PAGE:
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Friday, 19 July 2013

The Reform Of Our Institutions Won't Come From The Top

It's been a difficult month to finish this post. Every day another dollop of decrepitude is revealed amongst our rotting institutions. Systemic slaughter in the NHS. The convenient collapse of a major police corruption trial through 'missing' evidence. Police concealing the misuse of private investigators and spying on victim's families for the chance to undermine public sympathy. Sunlight on vast pay-offs to the departing management of the Savile-stricken BBC. The lengths to which the unions will go to control the Labour Party and use it to enshrine their own power. The Church of England deciding to turn money lender. And, surprise, surprise yet another massive bank fine...because, yes, any bank that relies on a public guarantee of its liabilities and massive tax subsidies through ISAs and so on should regard itself as a public institution.

It's a core theme of this blog to contrast the decline of faith in institutions that have evolved to suit themselves at our expense, with the rise of facilitators who exist to help us solve problems more effectively for ourselves.

Our institutions won't align with the interests of the those who rely on their services while they suppress evidence of their ineptitude, or while trustees and management quibble over their extent of their responsibilities, or while politicians spend their time blaming each other for the mess. These are sure signs that our institutions are stuck in denial and that the MPs and Ministers whose job it is to supervise them are stuck in their own cycle of blame.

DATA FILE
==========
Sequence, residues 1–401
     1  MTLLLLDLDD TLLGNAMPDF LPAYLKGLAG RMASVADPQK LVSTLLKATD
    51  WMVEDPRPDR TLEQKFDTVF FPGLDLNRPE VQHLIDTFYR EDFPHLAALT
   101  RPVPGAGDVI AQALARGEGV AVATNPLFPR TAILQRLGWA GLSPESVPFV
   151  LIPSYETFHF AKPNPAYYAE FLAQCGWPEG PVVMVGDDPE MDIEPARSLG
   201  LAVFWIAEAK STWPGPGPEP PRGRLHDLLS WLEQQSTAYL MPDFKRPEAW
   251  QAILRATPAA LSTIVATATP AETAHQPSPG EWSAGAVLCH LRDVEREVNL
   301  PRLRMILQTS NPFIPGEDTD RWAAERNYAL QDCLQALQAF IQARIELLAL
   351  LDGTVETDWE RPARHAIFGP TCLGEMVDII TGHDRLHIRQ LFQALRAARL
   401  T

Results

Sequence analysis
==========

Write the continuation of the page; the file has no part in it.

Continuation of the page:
Until our institutions understand and accept the need to align with the consumers of their services, rather than the desires of their pompous managers, they will not evolve into efficient, facilitative organisations worthy of our trust and respect.

But I don't believe that our so-called political leaders or the managers of our institutions have either the self-awareness or the skills needed to achieve this evolution. They are merely products of 'the system' that so desparately needs to evolve.

Sustainable reform will only come come from the grassroots rather than the top down. It will only come when each of us takes personal responsibility for turning things around, whether by exposing institutional failings or genuinely working to solve other people's problems rather than merely our own. 

In other words, both the problem and the solution are in our hands.


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